HSCC Collection Overview
Carroll County Times article for 24 June 1990
By Jay A. Graybeal
As curator of the Historical Society of Carroll County, I am often asked many questions about our collection. People are interested about the kinds of collections we own, the types of objects that we would like to acquire and the ways that we use the many things that people have given us. In this introductory article, I would like to respond by giving a brief history of the Historical Society’s collection. During the harsh winter of 1939, local citizens met to discuss the formation of a county historical society. Their main goal was the reservation of the historic Shellman house in Westminster which was threatened by demolition. This property at 206 Main Street had been the home of Mary Bostwick Shellman (1849 – 1938) a well-known local community leader and amateur historian. The group incorporated as the Historical Society of Carroll County and purchased the house for its headquarters.
As stated in the organization’s certificate of incorporation, its purpose was “to collect and preserve all papers, books, documents or other matter or things pertaining to the history of Carroll County…” and “to create a public interest in the history of Carroll County….” The purchase provided the Historical Society with a permanent and historically significant property for use as a house museum and public programs facility. The acquisition of the empty Shellman house attracted many early gifts from the membership. Led by resident curator Miss Lillian Shipley (1890-1989), the Historical Society actively solicited donations to furnish the home. During the decade of her leadership as curator from 1953 to 1962, a number of important donations were added to the collection and exhibits were created on topics including historical flags, dolls, glass, teapots, lusterware and furniture. Her work was a legacy to the community especially through educational programs that included publications, local dramatics, historic garden restoration and special events.
Most of the objects were donated by local families but some were contributed from out-of-state descendants. Most gifts were not focused collections but were mixed family heirlooms. An example is the first donation which included textiles, domestic tools, military items and a newspaper from Miss Mollie Shriver (1875-1967). The primary desire of donors was to place valued objects in a permanent repository where they would be preserved for posterity.
Several important collections were received during the formative years. In 1955, the Historical Society acquired the J. Leland Jordan Collection of historic newspapers and related ephemera. Jordan (1897-1955) had served as editor of the Carroll County Times in the 1940s. Always an avid local historian, he amassed an impressive collection of local newspapers, most of them bound editor’s copies, as well as manuscripts, booklets, historical photographs, clippings, and scrapbooks. Many of these items inspired or provided copy for the Times’ extensive coverage of local history topics on a regular basis.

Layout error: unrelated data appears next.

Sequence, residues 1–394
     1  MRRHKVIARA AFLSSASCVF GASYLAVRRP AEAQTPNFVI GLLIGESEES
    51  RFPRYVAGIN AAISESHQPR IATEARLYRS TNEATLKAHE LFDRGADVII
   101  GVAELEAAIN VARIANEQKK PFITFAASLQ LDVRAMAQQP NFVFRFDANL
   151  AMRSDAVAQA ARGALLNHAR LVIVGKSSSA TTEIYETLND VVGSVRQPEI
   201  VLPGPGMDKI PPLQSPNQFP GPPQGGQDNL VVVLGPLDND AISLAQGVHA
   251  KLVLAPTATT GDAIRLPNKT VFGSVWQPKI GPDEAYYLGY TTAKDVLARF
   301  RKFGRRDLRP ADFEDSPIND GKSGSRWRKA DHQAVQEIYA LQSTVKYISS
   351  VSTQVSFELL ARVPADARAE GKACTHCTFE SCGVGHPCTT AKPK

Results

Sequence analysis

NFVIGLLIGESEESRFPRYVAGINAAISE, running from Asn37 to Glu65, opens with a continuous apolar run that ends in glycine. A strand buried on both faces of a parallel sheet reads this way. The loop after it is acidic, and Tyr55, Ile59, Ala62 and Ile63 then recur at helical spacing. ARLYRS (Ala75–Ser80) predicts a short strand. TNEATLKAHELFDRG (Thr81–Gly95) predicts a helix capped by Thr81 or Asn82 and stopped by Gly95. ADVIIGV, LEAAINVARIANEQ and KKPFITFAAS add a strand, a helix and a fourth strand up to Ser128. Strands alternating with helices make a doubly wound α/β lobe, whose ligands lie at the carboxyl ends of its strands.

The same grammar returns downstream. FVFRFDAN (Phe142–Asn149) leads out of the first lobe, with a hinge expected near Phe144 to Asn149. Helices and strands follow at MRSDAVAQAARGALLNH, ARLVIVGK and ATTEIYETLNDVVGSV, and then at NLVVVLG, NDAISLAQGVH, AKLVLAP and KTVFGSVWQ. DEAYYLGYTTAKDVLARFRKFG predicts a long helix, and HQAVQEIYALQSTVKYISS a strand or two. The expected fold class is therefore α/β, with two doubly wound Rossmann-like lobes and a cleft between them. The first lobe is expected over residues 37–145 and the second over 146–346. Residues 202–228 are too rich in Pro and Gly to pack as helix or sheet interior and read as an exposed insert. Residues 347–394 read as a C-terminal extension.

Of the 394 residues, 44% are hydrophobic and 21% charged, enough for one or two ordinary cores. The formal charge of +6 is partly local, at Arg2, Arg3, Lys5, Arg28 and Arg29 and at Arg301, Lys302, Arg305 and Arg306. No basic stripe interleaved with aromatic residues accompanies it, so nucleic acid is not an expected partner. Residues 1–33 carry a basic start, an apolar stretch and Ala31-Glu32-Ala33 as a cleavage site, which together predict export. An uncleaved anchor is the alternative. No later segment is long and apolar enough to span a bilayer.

At the death of charter member and past president Dr. Arthur G. Tracey (1880-1960), the Historical Society received his extensive collection of research materials on central and western Maryland land patents and related topics. Dr. Tracey and his daughter Grace (1914-1972) devoted several decades to this study and produced an extensive card file reference system to the original land patents for present day Carroll, Baltimore, Frederick, and Washington counties. The Traceys also prepared metes-andbounds drawings of each of the thousands of properties. Their original work about colonial Maryland land history remains unparalleled.
The acquisition of collections and generous loans from members made it possible to mount several special exhibitions in the 1940s and 1950s. Topics included local furniture, redware, pewter, lusterware, teapots and an impressive collection of early American flags. These exhibits created considerable public interest in the decorative arts and attracted additional objects donated for the collection. The Historical Society opened an exhibition room in the county office building in Westminster for the display of objects not used in the furnished rooms of the Sherman-Fisher-Shellman House. The Historical Society was involved in a number of important collections-related projects in the 1960s. A basement room in the Sherman-Fisher-Shellman House was renovated in 1962 for an exhibition on the county’s rural free delivery mail system, inaugurated in 1899 as the nation’s first. National and local celebrations played a prominent role in raising public awareness of local history. Beginning with the Civil War Centennial in 1961, countians rediscovered the history of this critical period through an exhibit of military objects and from Just South of Gettysburg by Frederick Shriver Klein, published by the Historical Society in 1963. Three years later, the Commissioners of Carroll County purchased the brick house next door to the Sherman-Fisher-Shellman House and donated this property to the Historical Society. This house had been the home of Mrs. Harry M. Kimmey (c.1880-1961). Mrs. Kimmey was